A biologist with the Canadian Food Inspection Agency (CFIA) says that the emerald ash borer will continue to spread across the Maritimes, but that its progress can be slowed.
“The insect will certainly spread,” said Ron Neville, a plant health survey biologist with CFIA.
“However, we have the ability to limit that spread. If we can curtail our movement of things like firewood, of infested firewood through the Maritimes, we can actually impact how quickly it spreads.”
Neville is part of a CFIA group leading a survey of Oromocto, N.B. where the invasive insect was found last week. Oromocto is the second place where the beetle has been found in New Brunswick and third in the Maritimes, joining Edmunston and Bedford.
CFIA hopes to get a clearer picture of the extent of the Oromocto infestation, but due to the difficulty of early detection, no one is sure just how big the problem is across the region.
“It takes several years before you realize that it’s here and by that time you’ve got a fairly big problem on your hands,” said Bernard Daigle, a knowledge exchange specialist with the Canadian Forest Service.
WATCH: The beetle was found in North America in 2000 and has destroyed many ash trees. Now, the Canadian Food Inspection Agency is trying to rid the pest from New Brunswick. Silas Brown has more.
“We don’t know where it’s going to be here. They naturally move several hundred metres a year. That in itself is a relatively slow spread for an insect but it’s the movement of materials and getting the satellite populations throughout the region that is a big challenge.”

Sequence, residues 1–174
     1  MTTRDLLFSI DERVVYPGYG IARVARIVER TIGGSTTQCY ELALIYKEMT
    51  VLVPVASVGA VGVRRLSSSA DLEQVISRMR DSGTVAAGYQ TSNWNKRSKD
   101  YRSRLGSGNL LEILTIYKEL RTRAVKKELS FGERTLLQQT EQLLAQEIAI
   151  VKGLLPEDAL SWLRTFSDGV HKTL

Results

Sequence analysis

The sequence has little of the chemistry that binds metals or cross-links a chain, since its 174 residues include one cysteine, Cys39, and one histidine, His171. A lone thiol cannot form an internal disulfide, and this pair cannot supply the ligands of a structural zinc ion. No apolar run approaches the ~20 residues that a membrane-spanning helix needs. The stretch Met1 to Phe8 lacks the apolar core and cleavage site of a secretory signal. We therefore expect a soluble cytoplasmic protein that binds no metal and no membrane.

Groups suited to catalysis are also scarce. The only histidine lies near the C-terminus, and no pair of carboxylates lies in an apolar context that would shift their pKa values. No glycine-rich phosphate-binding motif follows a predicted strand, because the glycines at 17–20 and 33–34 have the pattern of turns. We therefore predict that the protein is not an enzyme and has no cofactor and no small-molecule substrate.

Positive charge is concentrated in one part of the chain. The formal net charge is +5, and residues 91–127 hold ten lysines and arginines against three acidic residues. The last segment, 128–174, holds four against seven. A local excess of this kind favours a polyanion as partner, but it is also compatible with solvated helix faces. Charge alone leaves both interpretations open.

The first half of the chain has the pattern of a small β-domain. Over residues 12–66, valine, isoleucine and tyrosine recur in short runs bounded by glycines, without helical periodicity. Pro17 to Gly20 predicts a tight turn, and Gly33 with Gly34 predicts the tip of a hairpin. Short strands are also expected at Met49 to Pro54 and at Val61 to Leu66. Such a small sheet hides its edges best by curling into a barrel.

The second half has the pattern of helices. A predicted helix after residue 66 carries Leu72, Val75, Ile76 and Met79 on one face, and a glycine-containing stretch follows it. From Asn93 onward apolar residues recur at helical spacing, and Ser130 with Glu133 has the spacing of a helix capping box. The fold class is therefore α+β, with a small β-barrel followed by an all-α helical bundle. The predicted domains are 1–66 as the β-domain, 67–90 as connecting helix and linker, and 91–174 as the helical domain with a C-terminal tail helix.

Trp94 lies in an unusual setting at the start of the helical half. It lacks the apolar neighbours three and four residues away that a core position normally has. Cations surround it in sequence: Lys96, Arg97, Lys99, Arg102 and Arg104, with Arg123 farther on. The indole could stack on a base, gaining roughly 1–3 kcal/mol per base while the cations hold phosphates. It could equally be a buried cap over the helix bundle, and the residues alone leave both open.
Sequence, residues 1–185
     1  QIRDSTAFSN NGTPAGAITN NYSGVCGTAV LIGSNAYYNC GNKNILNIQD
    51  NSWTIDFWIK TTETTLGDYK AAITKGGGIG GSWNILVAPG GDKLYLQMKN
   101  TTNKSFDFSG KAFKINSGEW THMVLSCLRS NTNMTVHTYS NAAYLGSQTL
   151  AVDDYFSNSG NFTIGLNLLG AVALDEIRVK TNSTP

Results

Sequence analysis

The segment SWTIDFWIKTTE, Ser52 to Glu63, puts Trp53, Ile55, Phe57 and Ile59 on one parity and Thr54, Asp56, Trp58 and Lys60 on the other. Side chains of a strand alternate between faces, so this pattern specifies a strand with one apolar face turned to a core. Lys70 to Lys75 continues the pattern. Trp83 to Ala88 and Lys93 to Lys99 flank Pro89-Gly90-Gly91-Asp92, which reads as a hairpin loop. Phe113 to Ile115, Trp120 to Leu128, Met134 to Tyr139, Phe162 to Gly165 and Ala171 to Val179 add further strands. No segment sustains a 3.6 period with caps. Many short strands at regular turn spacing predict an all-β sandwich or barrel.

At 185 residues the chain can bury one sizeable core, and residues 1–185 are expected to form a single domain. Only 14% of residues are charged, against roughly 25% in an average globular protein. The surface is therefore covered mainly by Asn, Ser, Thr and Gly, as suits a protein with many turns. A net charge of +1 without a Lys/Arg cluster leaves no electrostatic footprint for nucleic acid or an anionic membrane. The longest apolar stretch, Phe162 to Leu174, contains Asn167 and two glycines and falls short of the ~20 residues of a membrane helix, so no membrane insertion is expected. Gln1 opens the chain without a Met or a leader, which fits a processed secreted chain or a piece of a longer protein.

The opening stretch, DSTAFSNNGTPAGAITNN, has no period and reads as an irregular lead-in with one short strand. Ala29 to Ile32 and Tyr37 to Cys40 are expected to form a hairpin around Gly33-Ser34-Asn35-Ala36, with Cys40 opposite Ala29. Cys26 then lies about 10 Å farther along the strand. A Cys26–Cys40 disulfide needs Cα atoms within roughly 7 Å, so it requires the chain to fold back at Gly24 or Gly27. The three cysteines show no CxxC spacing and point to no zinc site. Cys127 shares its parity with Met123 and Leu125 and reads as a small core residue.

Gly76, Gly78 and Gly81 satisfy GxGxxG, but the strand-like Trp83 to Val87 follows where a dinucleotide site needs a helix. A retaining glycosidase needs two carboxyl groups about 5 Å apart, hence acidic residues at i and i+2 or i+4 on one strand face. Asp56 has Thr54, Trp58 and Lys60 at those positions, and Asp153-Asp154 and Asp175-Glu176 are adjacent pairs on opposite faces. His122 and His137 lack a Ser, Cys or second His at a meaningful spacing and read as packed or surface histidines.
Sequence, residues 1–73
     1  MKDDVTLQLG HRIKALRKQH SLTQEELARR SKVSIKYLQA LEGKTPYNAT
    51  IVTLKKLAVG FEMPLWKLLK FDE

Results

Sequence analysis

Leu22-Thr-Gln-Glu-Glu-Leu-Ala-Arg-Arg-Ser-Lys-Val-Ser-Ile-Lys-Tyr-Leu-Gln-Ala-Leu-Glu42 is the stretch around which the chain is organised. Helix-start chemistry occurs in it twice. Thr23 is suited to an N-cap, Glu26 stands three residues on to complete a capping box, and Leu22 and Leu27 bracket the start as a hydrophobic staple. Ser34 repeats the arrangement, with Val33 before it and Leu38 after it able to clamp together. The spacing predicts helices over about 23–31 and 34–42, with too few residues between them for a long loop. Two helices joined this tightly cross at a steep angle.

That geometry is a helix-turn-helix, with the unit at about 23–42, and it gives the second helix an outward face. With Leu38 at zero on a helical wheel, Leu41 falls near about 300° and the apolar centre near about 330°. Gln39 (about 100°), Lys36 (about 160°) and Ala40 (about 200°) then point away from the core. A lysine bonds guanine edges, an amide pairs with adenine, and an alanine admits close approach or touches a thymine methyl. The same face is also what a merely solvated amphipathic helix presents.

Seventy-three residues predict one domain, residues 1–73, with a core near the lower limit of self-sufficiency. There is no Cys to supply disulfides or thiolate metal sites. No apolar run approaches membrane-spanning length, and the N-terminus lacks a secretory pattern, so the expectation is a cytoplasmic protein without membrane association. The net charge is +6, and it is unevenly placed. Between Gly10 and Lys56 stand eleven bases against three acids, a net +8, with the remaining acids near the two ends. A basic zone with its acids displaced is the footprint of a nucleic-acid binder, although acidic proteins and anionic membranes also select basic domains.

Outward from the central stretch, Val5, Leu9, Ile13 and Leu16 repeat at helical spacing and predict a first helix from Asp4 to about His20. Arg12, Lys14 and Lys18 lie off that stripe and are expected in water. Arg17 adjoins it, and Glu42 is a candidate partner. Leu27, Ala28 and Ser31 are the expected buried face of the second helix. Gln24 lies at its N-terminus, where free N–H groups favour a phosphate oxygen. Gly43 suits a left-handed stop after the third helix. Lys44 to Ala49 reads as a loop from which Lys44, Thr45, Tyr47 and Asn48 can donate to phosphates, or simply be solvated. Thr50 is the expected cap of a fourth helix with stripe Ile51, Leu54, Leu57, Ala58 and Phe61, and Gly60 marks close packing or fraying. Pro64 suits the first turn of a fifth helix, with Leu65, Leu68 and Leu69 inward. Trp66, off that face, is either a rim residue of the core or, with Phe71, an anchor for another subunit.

On their own the beetle will travel anywhere between 400 and 700 metres a year. The primary way that its made its way through North America is by hitchhiking on firewood or logging trucks.
Since it was introduced to Canada in 2002 the emerald ash borer has spread extremely quickly devastating ash trees across a large portion of North America. But as quickly its spread, the insect has proven equally hard to kill.
“Eradication, no. I think everybody agrees that’s not an option at this point,” said Daigle when asked if the bug can be successfully eradicated.
“Slowing the spread buys time. And with time, through research there may be some other options that we haven’t looked at yet that could provide something but that’s not a certain thing by any means.”
For now, CFIA is encouraging communities to come create management plans and to carefully monitor ash tree populations in order to catch the insect as quickly as possible should it appear.
“Monitoring is very important. Municipalities and communities need to get to know where their ash trees are and knowing which trees are susceptible and then monitoring them closely to see what kind of damage they might have or any signs or symptoms of the borer,” Neville said.
“And then some thought put into a management strategy of how to deal with the pest once it has arrived.”